Credit: Zenke et al.License: CC BY 4.0 (H. walsbyi)

Cell Structures

Prokaryotes contain free-floating DNA and plasmids and can have external structures such as pili and flagella that are used for attachment and motility.

Although prokaryotes lack a nucleus, they sequester their DNA in a compartment of the cytoplasm called the nucleoid. Prokaryotic DNA exists as a single, free-floating, closed-loop chromosome. A chromosome is a structure that contains DNA, the genetic material that is passed from one generation to the next. DNA gets transcribed or copied into messenger ribonucleic acids (mRNA) that are then translated on ribosomes (through the assembly of amino acids) into bacterial proteins. A ribosome is a structure composed of RNA and is itself an enzyme that constructs new proteins based on the instructions initially encoded by DNA and delivered by the transcribed mRNA molecules. Ribosomes are found throughout the cytoplasm in bacteria. Bacteria can also contain a plasmid, which is a small, circular piece of bacterial DNA that replicates on its own and can be transferred between cells. Plasmids carry genes that are important for survival. Antibiotic resistance can be spread through transfer of plasmids between bacteria. Plasmid transfer between cells is performed using a pilus (plural, pili), a short, hairlike projection found on the surface of some bacteria that helps cells stick together. Longer pili can transfer DNA from cell to cell.

Other external structures include fimbriae, which are short protein tubes on the surface of cells that allow bacteria to attach to surfaces and to other cells to form colonies. A flagellum (plural, flagella) is a threadlike tail that allows some cells to move. Cells can have a single flagellum or multiple flagella in various arrangements. Flagella are powered by a proton motor and rotate like a corkscrew to propel the cell forward. The cell membrane is the structure that encloses the cell and consists of the phospholipid bilayer.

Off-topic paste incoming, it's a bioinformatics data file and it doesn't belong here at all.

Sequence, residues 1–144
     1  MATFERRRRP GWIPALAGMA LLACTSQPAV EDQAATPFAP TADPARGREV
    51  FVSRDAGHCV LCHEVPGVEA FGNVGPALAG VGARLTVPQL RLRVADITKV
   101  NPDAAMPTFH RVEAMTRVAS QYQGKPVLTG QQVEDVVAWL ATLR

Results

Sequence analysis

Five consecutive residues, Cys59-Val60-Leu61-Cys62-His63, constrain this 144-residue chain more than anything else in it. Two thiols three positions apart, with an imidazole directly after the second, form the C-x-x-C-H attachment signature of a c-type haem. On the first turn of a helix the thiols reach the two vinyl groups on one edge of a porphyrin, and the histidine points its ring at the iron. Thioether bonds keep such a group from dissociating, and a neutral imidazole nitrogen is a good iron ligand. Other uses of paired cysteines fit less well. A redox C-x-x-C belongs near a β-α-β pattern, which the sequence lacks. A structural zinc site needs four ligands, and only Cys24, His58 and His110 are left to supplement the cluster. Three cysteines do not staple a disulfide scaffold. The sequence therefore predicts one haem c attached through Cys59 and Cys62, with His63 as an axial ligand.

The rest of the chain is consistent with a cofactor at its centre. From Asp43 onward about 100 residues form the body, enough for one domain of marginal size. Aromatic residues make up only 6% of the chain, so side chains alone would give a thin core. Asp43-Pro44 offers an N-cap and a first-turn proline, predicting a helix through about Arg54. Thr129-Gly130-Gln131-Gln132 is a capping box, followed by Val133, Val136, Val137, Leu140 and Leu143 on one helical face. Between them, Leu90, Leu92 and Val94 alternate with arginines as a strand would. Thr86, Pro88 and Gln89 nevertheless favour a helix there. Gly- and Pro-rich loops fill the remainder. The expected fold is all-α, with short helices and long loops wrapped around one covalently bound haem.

Many bacteria secrete glycocalyx (also called pericellular membrane), an extracellular layer of polysaccharides and glycoprotein that coats the cell membrane. The glycocalyx layer is called a capsule when it is thick and viscous. When the glycocalyx is thin and fluid, it is called a slime layer. Both capsules and slime layers protect the cell from being ingested by other cells. Additionally, the slime layer aids in the formation of biofilms, or communities of bacteria living together in a gel-like matrix, such as the plaque that forms on teeth.

Only a few bacteria are able to produce an endospore, a toughened, condensed form of cell that can withstand harsh environmental conditions such as radiation, high heat, extreme cold, lack of nutrients or water, and disinfectants. Endospores are often produced in response to nutrient depletion and can survive for many years, reactivating under a change in conditions. Bacillus anthracis, the causative agent of anthrax, and Clostridium botulinum, the causative agent of botulism, are both capable of producing endospores, and can be found in soils globally. In B. anthracis the endospore itself is the pathogen. In C. botulinum the endospore allows the species to withstand high heat when food is being prepared. When the temperature decreases, endospores become vegetative bacteria, producing toxins that cause botulism.